Hawai‘i Health Guidance for Halloween Recommends Avoiding Traditional Trick-or-Treating
Although Halloween traditions in Hawai‘i may look different this year, there are still many ways families can have fun while avoiding the scare of being exposed to or spreading the virus.
This Halloween, the Hawai‘i Department of Health recommends celebrating with your household members at home and avoiding traditional door-to-door trick or treating where treats are handed to children or children take candy from a shared bucket. The department describes these activities as “high-risk” as they can result in close contact and crowding among people outside your household.
Last week Maui Mayor Michael Victorino had not yet finalized Halloween guidance on Maui, but said he was considering a staggered drive-through type of Halloween celebration similar to graduation-style events held in May.
“So we’re working on some ideas; but what we really don’t want to do is congregate and get big crowds again because this is not the time we want to find out that we get another big outbreak and have it spread throughout the County of Maui,” said Mayor Victorino during a press conference on Sept. 28, in response to questions from Maui Now.
“It’s more important than ever to put safety first,” said Health Director Dr. Elizabeth Char. “Gatherings on Memorial Day, July 4th and Labor Day led to spikes in positive cases in Hawai‘i. This Halloween, be extra mindful as you navigate how to safely celebrate in order to keep the spread of coronavirus as low as possible during this holiday.”
Thankfully, people in Hawai‘i are creative and caring; some communities have planned fun and safe festivities – such as contactless trick or treating and drive-thru pumpkin patches – to be enjoyed throughout the month. Choosing these low-risk Halloween activities can help to prevent the spread of COVID-19 illness, decrease the impact on our state’s health care system, and save lives.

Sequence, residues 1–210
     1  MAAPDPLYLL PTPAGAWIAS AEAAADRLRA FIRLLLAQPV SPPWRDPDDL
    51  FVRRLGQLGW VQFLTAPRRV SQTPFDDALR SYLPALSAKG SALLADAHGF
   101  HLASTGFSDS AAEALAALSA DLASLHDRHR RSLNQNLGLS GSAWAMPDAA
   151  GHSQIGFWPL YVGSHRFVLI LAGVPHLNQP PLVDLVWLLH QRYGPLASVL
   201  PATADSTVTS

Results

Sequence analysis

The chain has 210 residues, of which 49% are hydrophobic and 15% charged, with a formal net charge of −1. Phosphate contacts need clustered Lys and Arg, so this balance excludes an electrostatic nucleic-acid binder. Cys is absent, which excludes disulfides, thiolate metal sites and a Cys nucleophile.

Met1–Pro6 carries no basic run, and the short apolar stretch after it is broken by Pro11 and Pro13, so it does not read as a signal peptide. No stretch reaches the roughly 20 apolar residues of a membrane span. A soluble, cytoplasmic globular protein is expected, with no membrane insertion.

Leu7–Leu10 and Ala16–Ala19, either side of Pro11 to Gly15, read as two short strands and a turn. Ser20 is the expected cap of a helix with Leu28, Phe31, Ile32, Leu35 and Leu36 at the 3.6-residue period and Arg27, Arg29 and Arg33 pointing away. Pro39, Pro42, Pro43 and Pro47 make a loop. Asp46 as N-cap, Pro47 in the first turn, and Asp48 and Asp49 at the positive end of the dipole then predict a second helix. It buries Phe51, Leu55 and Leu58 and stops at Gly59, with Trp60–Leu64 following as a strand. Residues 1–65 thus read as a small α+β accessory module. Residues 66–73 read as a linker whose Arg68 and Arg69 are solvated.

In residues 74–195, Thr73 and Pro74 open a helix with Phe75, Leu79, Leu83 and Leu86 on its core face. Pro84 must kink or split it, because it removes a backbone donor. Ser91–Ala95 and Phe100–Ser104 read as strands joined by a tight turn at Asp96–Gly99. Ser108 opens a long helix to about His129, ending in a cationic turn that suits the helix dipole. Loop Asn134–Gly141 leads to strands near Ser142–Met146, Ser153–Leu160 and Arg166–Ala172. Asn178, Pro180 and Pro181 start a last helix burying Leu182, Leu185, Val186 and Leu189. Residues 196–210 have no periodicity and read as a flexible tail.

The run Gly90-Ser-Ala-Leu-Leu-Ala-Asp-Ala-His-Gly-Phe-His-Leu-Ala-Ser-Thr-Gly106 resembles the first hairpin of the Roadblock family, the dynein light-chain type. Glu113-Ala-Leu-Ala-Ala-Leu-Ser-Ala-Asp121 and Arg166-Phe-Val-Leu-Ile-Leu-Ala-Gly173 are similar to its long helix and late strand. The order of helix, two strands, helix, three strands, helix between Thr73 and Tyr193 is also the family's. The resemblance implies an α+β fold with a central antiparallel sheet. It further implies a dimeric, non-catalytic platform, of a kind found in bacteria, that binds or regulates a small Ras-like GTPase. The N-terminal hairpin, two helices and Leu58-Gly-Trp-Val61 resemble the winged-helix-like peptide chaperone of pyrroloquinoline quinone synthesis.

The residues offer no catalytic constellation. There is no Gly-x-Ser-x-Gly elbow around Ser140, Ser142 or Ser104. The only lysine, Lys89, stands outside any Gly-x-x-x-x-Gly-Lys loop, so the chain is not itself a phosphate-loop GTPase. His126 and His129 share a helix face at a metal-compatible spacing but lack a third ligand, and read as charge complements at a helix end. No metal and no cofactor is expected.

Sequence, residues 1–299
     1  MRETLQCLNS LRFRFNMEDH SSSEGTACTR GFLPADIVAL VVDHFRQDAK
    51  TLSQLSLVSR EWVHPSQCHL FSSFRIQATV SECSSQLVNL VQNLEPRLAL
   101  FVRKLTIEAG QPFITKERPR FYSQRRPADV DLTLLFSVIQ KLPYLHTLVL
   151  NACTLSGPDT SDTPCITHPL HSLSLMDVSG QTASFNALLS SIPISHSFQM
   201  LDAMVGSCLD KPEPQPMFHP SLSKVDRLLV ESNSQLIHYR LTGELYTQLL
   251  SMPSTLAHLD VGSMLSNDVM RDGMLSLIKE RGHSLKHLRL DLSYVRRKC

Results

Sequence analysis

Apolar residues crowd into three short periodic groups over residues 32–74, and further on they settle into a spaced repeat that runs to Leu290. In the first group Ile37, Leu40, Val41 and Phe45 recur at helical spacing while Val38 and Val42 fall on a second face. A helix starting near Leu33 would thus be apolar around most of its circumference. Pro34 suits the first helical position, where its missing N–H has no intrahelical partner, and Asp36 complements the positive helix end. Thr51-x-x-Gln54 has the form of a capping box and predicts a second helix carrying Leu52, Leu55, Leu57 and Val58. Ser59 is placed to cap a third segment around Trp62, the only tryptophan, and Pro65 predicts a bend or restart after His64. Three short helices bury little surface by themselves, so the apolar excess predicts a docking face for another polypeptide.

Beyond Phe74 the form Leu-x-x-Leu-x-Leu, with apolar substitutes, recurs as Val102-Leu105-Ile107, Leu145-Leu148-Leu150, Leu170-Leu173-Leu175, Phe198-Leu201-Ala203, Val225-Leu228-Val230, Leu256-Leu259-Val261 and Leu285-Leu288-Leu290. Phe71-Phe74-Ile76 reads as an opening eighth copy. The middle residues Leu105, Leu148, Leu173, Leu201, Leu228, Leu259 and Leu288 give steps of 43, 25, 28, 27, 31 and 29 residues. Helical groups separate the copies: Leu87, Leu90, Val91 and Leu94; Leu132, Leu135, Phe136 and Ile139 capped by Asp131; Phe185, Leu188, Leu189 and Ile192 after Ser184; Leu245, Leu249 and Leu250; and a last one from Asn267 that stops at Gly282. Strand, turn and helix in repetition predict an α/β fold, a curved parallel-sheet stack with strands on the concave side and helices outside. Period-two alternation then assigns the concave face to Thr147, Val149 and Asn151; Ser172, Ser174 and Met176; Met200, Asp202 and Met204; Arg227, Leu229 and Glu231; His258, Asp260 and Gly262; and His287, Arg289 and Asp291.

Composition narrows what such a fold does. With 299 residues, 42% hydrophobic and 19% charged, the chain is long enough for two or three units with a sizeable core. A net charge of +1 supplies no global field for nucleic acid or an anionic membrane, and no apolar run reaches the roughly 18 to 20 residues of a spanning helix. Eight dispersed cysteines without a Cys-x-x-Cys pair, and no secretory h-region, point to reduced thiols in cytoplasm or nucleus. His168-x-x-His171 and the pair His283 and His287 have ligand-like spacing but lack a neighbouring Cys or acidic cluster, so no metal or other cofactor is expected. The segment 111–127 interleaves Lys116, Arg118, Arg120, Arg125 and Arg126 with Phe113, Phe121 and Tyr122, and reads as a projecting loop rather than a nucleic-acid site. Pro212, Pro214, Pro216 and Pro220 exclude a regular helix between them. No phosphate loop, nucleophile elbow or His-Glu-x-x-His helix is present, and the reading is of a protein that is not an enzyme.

Other ideas for safer, low-risk activities include hosting a scary movie watch party online, organizing a neighborhood pumpkin carving contest and carving the pumpkins with people in your household, and hosting a virtual Halloween costume contest.
Most importantly, DOH encourages everyone to keep following safe practices – avoid large gatherings, keep a distance of six feet from others, wash hands often, and wear a cloth face covering.
“Carefully plan your costume. Because Halloween masks have nose and mouth holes, they will not protect you or others from COVID-19,” said Dr. Char. “Do not wear a costume mask over a protective cloth mask or vice versa as it can be dangerous if the costume mask makes it hard to breathe. Instead, consider using a Halloween-themed cloth face mask.”
For more tips from the state on ways to stay safe this holiday season go to HawaiiCOVID19.com/safe-halloween.